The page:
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Nursing Assistant Staffing/ Patient Loads

Posted

Specializes in Telemetry, Med-Surg, ED, Psych.

As a former Nurse Assistant, I am all to familiar with terrible CNA patient loads. In LTC, I had up to 40 residents by myself (11-7 shift). WHen i was in acute care med-surg, I usually had 10 by myself.

I recently noticed that the Patient Care Assistants on my unit usually have the entire floor by themselves - 26 acute care patients for 1 PCA. They are expected to preform all the I/O's (Foley, JP, Hemovac, Colostomy), Q2/Q4 vital signs, comfort care, ambulating, turning, admits, daily weights, computer documentation and other things by themselves. This is overboard. I was a CNA and a hard worker, but this is outrageous for 1 person. I have seen a few PCA's on the verge of tears by the end of a 12-hour shift.

Just an observation

As a former Nurse Assistant, I am all to familiar with terrible CNA patient loads. In LTC, I had up to 40 residents by myself (11-7 shift). WHen i was in acute care med-surg, I usually had 10 by myself.

I recently noticed that the Patient Care Assistants on my unit usually have the entire floor by themselves - 26 acute care patients for 1 PCA. They are expected to preform all the I/O's (Foley, JP, Hemovac, Colostomy), Q2/Q4 vital signs, comfort care, ambulating, turning, admits, daily weights, computer documentation and other things by themselves. This is overboard. I was a CNA and a hard worker, but this is outrageous for 1 person. I have seen a few PCA's on the verge of tears by the end of a 12-hour shift.

Just an observation

I know your outrage is justified.

As a former CNA I definitely feel their pain. And at my hospital (in San Francisco) to "help solve the budget crisis" they are cutting the wages of the CNAs. And my hospital aspires to "magnet status"- yeah, like that can ever happen when the falls/negative outcomes skyrocket while patient/nurse satisfaction levels plummet.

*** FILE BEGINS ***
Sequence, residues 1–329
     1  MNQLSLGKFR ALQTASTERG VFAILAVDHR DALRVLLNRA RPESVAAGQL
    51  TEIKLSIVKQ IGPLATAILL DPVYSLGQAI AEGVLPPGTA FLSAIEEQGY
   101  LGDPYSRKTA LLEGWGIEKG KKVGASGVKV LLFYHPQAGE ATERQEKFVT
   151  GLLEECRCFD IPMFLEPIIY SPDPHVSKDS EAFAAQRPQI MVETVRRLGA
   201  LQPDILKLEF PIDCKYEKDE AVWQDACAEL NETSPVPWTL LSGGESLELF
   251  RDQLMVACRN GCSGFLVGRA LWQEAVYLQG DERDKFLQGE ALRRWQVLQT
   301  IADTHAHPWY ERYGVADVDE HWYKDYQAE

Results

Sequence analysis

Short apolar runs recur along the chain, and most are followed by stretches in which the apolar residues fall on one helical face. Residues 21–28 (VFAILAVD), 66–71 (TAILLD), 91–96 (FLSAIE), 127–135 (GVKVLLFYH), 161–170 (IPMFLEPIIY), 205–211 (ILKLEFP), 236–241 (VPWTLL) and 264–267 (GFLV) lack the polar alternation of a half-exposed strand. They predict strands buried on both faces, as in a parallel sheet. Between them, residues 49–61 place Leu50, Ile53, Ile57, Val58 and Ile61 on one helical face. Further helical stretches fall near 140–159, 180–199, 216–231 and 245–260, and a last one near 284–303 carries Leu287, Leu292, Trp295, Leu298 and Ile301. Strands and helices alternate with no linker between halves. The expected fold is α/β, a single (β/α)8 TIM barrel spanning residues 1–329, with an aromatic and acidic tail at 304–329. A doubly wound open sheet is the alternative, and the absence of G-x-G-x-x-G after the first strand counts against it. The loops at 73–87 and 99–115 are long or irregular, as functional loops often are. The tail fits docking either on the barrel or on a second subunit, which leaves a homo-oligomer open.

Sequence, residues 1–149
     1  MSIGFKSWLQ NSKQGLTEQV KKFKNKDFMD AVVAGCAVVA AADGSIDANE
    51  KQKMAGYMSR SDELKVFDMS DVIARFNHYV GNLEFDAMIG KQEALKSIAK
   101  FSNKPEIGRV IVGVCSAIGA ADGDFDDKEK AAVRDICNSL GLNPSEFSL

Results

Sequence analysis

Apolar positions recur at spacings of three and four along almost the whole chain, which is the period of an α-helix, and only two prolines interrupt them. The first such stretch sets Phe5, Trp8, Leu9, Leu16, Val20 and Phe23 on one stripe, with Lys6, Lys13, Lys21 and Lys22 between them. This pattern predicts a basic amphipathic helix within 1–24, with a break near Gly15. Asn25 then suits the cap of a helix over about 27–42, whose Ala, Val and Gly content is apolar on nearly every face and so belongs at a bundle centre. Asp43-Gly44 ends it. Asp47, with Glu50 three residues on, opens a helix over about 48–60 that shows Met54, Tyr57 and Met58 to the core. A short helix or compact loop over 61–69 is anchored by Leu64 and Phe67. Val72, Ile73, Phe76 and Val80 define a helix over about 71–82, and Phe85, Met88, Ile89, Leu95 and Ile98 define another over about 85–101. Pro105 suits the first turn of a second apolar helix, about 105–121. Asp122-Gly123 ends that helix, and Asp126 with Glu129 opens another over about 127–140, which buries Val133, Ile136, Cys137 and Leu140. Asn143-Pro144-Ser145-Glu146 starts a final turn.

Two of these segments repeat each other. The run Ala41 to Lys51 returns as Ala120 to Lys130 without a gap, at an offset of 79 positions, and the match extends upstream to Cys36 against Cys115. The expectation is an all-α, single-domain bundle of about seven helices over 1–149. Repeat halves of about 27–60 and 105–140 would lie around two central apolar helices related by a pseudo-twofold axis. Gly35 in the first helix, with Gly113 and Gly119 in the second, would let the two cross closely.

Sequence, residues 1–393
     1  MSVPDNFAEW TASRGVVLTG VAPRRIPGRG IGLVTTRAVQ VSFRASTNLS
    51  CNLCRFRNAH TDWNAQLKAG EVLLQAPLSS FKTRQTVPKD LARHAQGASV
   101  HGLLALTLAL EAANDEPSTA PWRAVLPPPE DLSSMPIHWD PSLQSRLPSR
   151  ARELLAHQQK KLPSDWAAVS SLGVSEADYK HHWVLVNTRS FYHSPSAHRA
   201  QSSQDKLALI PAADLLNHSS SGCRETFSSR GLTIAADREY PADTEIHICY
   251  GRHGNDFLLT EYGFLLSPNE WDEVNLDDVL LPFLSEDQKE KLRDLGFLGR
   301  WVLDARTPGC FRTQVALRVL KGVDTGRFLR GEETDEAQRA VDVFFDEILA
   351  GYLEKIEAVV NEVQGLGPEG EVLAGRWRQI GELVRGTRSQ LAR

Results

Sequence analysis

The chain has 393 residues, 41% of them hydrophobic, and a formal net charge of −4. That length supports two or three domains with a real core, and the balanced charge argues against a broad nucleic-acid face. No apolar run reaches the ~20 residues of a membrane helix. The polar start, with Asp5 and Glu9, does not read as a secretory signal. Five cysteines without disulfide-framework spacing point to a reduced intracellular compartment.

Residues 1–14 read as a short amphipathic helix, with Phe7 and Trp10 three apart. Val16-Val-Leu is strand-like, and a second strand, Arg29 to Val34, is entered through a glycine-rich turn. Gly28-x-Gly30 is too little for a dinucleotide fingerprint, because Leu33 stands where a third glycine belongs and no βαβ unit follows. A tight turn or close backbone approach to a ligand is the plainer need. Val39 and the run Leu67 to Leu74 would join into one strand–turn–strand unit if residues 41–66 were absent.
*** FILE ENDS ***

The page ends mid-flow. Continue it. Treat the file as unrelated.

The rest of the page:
On the other hand, when the rank and file union members were asked for some concessions which were in my mind reasonable, they all voted "no" with the realization that the result would be layoffs. Sigh.

40 residents by yourself????? Are you kidding? And my staff complains because I have 4 CNA's to less than 40 residents. They have no idea how lucky they are!

SunRose7

Specializes in Med/Surg/Ortho/Uro/Rehab CNA.

this is overboard. i was a cna and a hard worker, but this is outrageous for 1 person. i have seen a few pca's on the verge of tears by the end of a 12-hour shift.

no joke! i am a cna now working in ltc and i have 20 to 40 residents :aln: (40+ if someone calls off:uhoh21:). there might be another cna depending on the hallway i'm assigned to. it's simply ridiculous. and before i moved to a little town and changed jobs i worked at a big hospital in a big city in rpcu, we admitted anything from vertigo to tbis, chis, amputees, guillain barre syndrome, morbidly obese pts who needed rehab to function, cauda equina syndrome, paraplegics, knees, hips, mrsa, c.diff, some cancer pts occationally... and we had 8-10pts/cna. not too bad, it was managable as long as everyone came to work... yeah, :lol2: about 50% of the time everyone showed up (i worked nights there too). i quit that job because they were switching to a different staff (nurse/cna) ratio. originally 4 cnas + a float cna/ 4nurses + a charge nurse. they swtiched to 3 cnas (no float) & 5 nurses per shift (plus a charge)... tell me why that would make sense to report to 2 different nurses (not to mention that one nurse doesn't care if the other nurse asked you to do something, they need something done for their pt now:selfbonk:.) .......uuurrrrggg, i can't wait to be a nurse.:anbd:

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